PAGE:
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View Multiple HD Screens controlled via Head Motion with ThirdEye’s OmniEye Platform!

(SportsTechie) Imagine watching LeBron James dunk up close via a 90-inch television that’s hanging 10 feet from your seat on the couch. Now imagine if you could watch seven other NBA games on big screens at the same time without having to cover your wall with flat screens and controlled all via your head motion!

 ThirdEye Gen’s X1 AR Smart Glasses seek to change the way people consume sports is set to be unveiled next month at the Consumer Electronics Show.

During a sneak peek at the company’s headquarters in earlier this month, ThirdEye’s Nick Cherukuri showed SportTechie how the X1 Smart Glasses, which run on Android, might be adapted for the sports industry in a way that could enhance the fan experience.

Something that Cherukuri says separates ThirdEye’s glasses from others is the wide 40-degree diagonal field of view, which he said is the equivalent to watching a 90-inch high-definition screen from a distance of ten feet. That’s significantly wider than, say, Google Glass, which had a 10-degree field of view and wasn’t designed for the long-term consumption of augmented reality content. ThirdEye X1’s optical technology allows for very high brightness thus allowing for viewing content if vastly different lighting situations- something that is a major drawback for many other smart glasses.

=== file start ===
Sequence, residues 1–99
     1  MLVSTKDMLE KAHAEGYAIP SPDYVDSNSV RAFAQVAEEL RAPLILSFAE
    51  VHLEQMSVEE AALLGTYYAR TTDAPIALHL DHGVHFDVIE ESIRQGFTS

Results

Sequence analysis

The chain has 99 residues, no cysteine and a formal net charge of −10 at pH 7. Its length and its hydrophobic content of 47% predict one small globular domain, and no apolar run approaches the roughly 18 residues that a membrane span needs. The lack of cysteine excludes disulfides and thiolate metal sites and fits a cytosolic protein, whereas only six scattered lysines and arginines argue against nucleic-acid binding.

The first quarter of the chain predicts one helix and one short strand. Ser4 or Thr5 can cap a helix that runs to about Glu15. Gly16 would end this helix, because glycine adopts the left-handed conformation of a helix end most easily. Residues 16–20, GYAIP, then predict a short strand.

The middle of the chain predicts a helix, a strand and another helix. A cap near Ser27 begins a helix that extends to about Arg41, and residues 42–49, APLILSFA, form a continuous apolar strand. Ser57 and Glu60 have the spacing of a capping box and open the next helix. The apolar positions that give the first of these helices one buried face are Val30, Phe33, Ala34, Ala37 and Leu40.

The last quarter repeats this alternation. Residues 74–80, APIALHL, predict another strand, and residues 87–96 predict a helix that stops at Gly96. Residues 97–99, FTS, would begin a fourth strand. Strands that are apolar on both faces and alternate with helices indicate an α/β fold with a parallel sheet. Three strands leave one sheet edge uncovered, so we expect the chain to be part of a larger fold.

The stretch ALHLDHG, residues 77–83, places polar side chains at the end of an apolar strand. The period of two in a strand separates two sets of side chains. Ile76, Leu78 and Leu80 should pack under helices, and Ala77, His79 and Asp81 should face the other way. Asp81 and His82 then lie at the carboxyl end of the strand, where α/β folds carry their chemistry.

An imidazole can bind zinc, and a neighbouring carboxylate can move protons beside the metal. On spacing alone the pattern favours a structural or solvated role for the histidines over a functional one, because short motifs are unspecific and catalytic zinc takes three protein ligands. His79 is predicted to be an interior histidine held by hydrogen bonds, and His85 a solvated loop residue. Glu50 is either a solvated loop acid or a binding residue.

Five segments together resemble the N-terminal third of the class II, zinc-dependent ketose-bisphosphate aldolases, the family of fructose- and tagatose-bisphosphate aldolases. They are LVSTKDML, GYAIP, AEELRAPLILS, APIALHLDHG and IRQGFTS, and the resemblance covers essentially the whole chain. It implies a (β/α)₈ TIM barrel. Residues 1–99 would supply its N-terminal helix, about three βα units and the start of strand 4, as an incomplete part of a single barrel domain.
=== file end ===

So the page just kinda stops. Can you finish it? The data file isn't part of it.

The headset is currently set up to support multiple games in play simultaneously. A glance up, down, left or right, for example, might reveal seven additional big screens alongside the primary one in the user’s direct field of view. The experience has capacity for as many as 16 screens if the user is willing to rotate the body 360 degrees. The multiple screens might also be used to supplement the primary game with interactive statistics, which is something that leagues, such as the NFL, and companies from Sportradar to Twitch, have been experimenting with to enhance the viewing experience.

“We’re taking everything on your phone and bringing it up to your face,” said Cherukuri. “When you wear this you get a digital screen in front of you, and just by rotating your head you get eight matches.”

Games can be accessed on X1 through any website url (think NFL RedZone) or Facebook live stream via a Wi-Fi connection, as well as any app that runs on Android (think Amazon Prime). ThirdEye also has a third-party developer’s kit for native apps that can be built specifically for the X1.

Powering the headset is a replaceable battery that can last for an NFL game (with a battery life of five to eight hours depending on use?—?five if there’s constant video use). Since it’s replaceable and rechargeable, users can swap out new batteries without having to take the headset out of play.

So far, most of ThirdEye’s sports partnerships have been with commercial companies and have been early stage or experimental in nature.

But Cherukuri suspects that the list of sports clients and range of use cases for the glasses will expand once ThirdEye officially unveils the headset at CES and begins shipments in February and March. Perhaps, for example, a league or team might offer glasses to VIPs at events so they receive interactive player statistics while watching live, or produce content that immerses fans through the first-person perspectives of NFL quarterbacks via a helmet-based camera, F1 drivers and Olympic downhill skiers.

Another idea is using the X1 to provide visual coaching or tutoring to athletes on the road, which would take advantage of its point-of-view software that lets one person stream live and annotated point-of-view video with audio to another user.

The unique benefits of AR Smart Glasses definitely give it a sharp advantage over watching content on your phone, tablet or computer & is a big reason why sports & entertainment companies are beginning to gravitate towards here.

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